Takeaways from the NCAA's New NIL Guidelines

Takeaways from the NCAA's New NIL Guidelines

On Monday the Division I Board of Directors issued guidance to schools regarding the intersection between recruiting activities and the name, image and likeness environment. 

This was one of the more anticipated NCAA announcements in the 10 months since NIL came to fruition as schools, athletes, coaches, boosters and other entities in the NIL spectrum waited for updates.

The guidance was focused on how NIL was being used to recruit athletes. 

Since football season ended, collectives have popped up all over the country at schools. These collectives, largely made up of boosters, pool together financial resources that can then be passed on to collegiate athletes in repayment for a variety of services.

Many, however, have argued that Collectives are acting as a vessel to skirt “pay for play” rules.

There are also individual supporters, like John Ruiz, CEO of MSP Recovery, who announced on twitter that he had signed Nijel Pack to a 2-year, $800,000 deal with LifeWallet after Pack committed to transferring to Miami men’s basketball.

Great for Nijel Pack!

But shortly after, Miami’s Isaiah Wong, who led the program to its first Elite Eight in history, declared he would enter the transfer portal if his NIL compensation wasn’t increased.

It can be deduced that Wong saw Pack’s deal - which Ruiz conveniently announced to the world - and wanted his piece of the pie. Can you blame him?

NCAA’s Updated Guidelines Announced

So what were the main takeaways from the new guidelines that the NCAA announced?

For one, the NCAA remained in full support of student-athletes benefiting from their NIL - that isn’t changing.

Second, the NCAA reiterated its stance on recruiting rules that preclude boosters from recruiting and/or providing benefits to prospective student-athletes. 

Boosters can include “collectives” which are set up to funnel NIL deals to prospective student-athletes or enrolled student-athletes who are considering transferring.

What does the new guidance mean?

According to the NCAA, violations that occurred prior to May 9, 2022 will be reviewed on an individual case basis, but will only be pursued if they are clearly contrary to the published interim policy.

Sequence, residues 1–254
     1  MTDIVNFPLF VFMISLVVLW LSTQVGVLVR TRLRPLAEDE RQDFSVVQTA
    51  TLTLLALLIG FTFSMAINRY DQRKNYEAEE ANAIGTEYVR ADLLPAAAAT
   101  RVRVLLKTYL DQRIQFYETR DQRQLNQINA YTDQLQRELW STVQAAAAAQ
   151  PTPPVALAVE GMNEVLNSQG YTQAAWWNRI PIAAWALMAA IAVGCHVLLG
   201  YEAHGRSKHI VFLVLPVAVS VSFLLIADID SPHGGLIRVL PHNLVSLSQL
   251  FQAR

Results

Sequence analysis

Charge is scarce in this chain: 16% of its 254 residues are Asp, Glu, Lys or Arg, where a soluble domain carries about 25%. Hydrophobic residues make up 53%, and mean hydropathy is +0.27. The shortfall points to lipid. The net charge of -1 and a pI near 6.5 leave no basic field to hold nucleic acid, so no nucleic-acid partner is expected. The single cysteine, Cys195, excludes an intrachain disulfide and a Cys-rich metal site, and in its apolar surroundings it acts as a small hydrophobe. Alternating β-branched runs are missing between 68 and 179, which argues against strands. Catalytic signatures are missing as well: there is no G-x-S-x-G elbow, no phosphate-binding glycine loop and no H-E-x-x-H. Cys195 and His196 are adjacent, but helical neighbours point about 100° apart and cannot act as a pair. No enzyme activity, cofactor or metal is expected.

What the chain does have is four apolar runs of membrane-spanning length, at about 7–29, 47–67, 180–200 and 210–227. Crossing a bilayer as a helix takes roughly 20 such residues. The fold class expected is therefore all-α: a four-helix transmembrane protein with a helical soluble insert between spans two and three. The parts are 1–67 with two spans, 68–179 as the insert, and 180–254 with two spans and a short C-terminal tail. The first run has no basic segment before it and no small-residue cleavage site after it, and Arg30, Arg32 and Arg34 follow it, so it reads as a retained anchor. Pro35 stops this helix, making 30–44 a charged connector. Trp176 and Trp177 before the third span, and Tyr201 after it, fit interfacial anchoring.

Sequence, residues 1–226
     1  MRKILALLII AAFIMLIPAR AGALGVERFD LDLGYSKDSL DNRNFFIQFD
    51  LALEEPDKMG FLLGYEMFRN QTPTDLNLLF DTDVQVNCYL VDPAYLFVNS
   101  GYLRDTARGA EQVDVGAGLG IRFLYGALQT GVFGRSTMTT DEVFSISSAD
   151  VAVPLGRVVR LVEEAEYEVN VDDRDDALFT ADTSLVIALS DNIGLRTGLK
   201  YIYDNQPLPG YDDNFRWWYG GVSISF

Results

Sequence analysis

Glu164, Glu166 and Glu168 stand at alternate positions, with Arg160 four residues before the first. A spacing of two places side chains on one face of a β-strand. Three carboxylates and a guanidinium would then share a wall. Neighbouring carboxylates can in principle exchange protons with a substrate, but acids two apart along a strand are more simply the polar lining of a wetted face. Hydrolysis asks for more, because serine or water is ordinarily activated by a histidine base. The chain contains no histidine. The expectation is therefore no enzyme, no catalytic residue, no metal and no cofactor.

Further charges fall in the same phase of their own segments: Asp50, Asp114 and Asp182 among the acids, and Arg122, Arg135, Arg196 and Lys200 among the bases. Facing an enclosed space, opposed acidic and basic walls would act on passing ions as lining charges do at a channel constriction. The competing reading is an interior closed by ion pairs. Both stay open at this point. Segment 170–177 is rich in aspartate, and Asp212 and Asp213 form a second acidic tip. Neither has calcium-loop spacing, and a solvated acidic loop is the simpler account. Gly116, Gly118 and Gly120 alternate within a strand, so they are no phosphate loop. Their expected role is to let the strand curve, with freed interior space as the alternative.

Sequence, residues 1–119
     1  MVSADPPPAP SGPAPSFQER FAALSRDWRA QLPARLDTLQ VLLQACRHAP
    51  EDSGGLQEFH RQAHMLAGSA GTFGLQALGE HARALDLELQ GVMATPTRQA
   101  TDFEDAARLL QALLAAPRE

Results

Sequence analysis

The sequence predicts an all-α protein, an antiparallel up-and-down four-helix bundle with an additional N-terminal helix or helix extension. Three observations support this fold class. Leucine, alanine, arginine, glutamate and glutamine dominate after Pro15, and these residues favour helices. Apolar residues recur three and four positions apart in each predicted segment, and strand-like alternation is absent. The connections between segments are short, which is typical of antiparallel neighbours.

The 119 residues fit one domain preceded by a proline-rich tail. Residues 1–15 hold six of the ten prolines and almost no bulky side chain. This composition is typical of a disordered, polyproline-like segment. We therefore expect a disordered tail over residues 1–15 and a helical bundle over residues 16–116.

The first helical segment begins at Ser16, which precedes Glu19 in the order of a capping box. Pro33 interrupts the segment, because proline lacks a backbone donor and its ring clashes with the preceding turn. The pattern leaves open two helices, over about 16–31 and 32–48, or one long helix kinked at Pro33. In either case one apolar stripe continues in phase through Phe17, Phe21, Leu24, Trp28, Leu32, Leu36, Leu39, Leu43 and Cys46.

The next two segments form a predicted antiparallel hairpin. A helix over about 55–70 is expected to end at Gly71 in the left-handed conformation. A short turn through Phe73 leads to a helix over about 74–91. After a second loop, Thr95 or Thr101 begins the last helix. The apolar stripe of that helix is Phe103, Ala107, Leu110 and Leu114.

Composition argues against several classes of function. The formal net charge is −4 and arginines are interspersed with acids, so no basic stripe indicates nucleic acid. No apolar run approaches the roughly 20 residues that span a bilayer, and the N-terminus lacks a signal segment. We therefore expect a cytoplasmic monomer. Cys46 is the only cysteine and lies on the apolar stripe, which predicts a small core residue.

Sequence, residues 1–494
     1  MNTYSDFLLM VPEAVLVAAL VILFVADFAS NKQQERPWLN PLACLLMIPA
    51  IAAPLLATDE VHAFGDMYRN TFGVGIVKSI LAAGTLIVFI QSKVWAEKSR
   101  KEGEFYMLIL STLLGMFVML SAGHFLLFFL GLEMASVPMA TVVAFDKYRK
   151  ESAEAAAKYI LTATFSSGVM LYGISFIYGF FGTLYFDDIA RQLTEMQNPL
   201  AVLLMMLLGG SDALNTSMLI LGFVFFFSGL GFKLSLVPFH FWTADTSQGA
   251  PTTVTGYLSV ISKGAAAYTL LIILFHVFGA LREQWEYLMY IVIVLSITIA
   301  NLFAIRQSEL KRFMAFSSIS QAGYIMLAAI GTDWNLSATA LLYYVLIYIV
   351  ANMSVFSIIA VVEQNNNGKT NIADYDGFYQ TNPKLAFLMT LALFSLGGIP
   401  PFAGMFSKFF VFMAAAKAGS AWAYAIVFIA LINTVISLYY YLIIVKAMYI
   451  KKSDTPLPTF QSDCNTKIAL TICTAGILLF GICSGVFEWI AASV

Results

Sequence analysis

The NCAA also noted that the emphasis on the new NIL guidance is on boosters and not intended to question the eligibility of enrolled student-athletes. Only the most serious actions that clearly violate interim policy would have eligibility implications.

So where does that leave us?

Well, as we said at the top, this was one of the more anticipated announcements from the NCAA as it related to the NIL.

It can be argued that athletic departments across the country were desperately hoping for clear guidelines to help save them from their peers, and just as importantly, themselves.

The world of college athletics is a dog eat dog world. If a few schools are pushing the boundaries on rules, then everyone else feels like they have to follow suit in order to remain competitive.

At the end of the day, however, there wasn’t much new information.

The NCAA announced it would retroactively be punishing the most egregious violations and encouraged athletics departments to continue to self-report any violations it comes across.

In fact, the aforementioned Ruiz has already stated “it’s business as usual” to CBS Sports. Said Ruiz in the article: "The term booster is irrelevant in my view because, if you have a legitimate business, it doesn't matter if you are a booster or not. The deal is an arms-length transaction."

So that’s where we stand in the world of NIL as of May 9.

The good news for our NIL Store and Campus Ink family is that nothing changes for us. 

We’ll continue to work with our athletes to develop incredible merchandise to help them build their personal brands and make money!